Just a few days ago your air plant seemed fine. You watered it just like you normally do, and now a few days later, it’s completely falling apart! What is happening? Sorry to say, but your little air plant may be the victim of wet rot. Maybe you left your plants in their bath a little too long, or you forgot to shake out the excess water from the leaves before putting it back in its place. Whatever it was, somehow water sat amongst the leaves and base of your plant which caused it to rot. Your air plant can also suffer from what is referred to as dry rot, which is caused when there is lack of airflow and the plant suffers. Most of the time rot is caused by over watering and staying wet/damp for prolonged periods of time allowing fungus and bad bacteria to take hold and damage the plant.
If the base of your air plant looks brown and feels overly soft/mushy to the touch, it might be the victim of rot or fungus. Often times a rotting air plant will also lose leaves around its base and could start to fall apart, or the center of the air plant might come out. Inner rot is tough to diagnose as you generally are not aware until the plant just falls apart one day, normally from the inside leaves first.
Signs of inner rot/fungus on a Tillandsia
The start of leaf rot on a tillandsia ionantha
Note that some air plants like the melanocrater tricolor will have naturally darker bases. Also some leaf shedding can be normal in healthy air plants.
Leaf rot and fungal issues can also been seen on the outer leaves, which is much more noticeable than inner rot. You may notice this as dark spots on the base of the plant, which will continue to spread over time. In this scenario, in an attempt to save the plant it's best to try to remove the affected leaves from the base of the plant to stop the spread of the fungus/rot.
In the pictures below, we show a T. stricta that is showing some signs of leaf damage and possible fungal issue. While it's normal for some leaves at the base of an air plant (Tillandsia) to become dry or brown and die off, there is a dark circular area of the leaf that doesn't look normal. In this case, we gently removed some of the leaves at the base of the plant to help prevent any spread of possible fungus. The photo on the right shows the plant after cleaning up with the affected leaves removed. It's ok if the very tip of the base has some browning or looks callused over, as this is the bottom of the stem where roots will grow form.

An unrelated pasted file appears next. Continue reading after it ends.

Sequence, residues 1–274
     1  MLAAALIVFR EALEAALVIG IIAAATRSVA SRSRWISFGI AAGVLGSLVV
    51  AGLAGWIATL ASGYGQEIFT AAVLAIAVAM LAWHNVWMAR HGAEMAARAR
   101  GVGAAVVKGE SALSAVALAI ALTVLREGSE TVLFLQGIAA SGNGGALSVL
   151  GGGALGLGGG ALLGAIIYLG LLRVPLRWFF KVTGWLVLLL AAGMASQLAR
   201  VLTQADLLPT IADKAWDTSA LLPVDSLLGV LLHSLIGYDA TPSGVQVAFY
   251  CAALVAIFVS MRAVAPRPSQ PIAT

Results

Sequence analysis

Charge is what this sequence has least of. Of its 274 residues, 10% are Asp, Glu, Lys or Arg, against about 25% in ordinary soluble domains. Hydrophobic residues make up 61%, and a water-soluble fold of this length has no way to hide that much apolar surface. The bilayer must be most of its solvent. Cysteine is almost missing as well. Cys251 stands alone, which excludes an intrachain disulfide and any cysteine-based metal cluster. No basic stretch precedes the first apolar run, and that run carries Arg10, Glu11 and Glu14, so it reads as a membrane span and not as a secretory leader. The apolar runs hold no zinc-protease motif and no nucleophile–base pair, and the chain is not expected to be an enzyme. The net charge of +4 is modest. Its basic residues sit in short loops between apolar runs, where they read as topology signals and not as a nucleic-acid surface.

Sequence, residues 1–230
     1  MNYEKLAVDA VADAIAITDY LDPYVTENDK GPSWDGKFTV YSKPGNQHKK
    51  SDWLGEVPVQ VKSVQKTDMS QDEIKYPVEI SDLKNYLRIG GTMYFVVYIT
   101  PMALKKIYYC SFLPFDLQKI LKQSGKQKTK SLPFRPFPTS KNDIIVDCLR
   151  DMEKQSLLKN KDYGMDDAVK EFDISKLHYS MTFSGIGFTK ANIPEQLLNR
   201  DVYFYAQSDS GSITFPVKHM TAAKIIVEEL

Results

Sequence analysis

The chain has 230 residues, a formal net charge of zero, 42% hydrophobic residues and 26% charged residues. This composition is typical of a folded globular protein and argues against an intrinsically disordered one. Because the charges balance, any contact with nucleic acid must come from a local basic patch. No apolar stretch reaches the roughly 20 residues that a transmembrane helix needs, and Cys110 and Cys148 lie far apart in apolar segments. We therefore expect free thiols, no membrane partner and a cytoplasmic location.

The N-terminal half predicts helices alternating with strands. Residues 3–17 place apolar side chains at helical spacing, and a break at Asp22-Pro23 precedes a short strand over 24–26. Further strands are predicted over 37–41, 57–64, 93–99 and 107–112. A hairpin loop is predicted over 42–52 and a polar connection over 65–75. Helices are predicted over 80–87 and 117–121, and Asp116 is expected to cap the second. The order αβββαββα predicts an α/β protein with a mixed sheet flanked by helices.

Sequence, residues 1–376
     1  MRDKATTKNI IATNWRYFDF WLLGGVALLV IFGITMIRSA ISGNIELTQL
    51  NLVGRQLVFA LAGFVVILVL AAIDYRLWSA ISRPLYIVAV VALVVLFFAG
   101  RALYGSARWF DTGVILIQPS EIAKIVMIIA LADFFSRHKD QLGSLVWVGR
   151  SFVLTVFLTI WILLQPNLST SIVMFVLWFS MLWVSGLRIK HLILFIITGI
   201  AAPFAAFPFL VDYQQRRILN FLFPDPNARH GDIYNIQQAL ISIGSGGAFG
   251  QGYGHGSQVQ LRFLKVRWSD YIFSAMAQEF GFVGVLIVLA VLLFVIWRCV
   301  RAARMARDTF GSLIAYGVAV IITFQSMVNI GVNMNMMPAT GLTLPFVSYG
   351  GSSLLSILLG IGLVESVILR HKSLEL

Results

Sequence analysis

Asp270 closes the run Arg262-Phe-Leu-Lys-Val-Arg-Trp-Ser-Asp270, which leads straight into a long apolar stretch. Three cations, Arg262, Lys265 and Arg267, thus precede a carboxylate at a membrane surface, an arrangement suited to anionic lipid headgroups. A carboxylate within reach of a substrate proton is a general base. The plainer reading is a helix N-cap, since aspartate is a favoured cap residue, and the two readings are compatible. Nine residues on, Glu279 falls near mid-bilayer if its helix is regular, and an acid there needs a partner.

How to avoid rot
There are some simple ways to avoid rot:
- Stick to a watering schedule and make sure not to over water. Remember that Tillandsia are different from many common house plants in that they take in moisture through their leaves and trichomes, not their roots, and can be susceptible to over-watering.
- Never leave an air plant submerged in water for long periods of time.
Tailor your care and watering schedule to the type of Tillandsia (air plant) you have. Silver leafed varieties are considered Xeric, and will need different levels of water (and even different watering methods) than Mesic green-leafed varieties. To learn more about the different types of air plants, check out this article about Xeric and Mesic air plants. For general care info check out our article all about Air Plant Care.
- After watering, make sure to shake out any excess water from your air plant, and let the plant dry completely before adding it back to your terrarium, shell, or wherever you have your plant displayed. Do not spray air plants in their terrariums or allow them to sit against moisture.
- Pay particularly close attention to bulbous air plants as well as air plants which have deep pockets in their leaf base, as these can be more prone to holding water in their base.
- Air flow is important! Don’t display your air plant in a closed off terrarium or container. If your terrarium has a lid, leave it off. Air plants need proper air circulation to thrive, and without this, rot can occur.
- Remove any exterior leaves at the base if they are showing signs of fungus or rot starting. If the plant has inner rot, trying to remove the inner leaves will not work and will likely be damaging to the plant.
My Air Plant Is Rotting. Can it be saved?
Unfortunately, rot tends to be one of the things that, once it starts, is hard to reverse and save the plant from. The best remedy for rot is prevention! Having said that, cinnamon has been known to help reduce or stop rot/fungus on the base of plants as its a natural fungicide and may be worth a try! If only a few outer leaves are affected, we also recommend removing those leaves as previously depicted.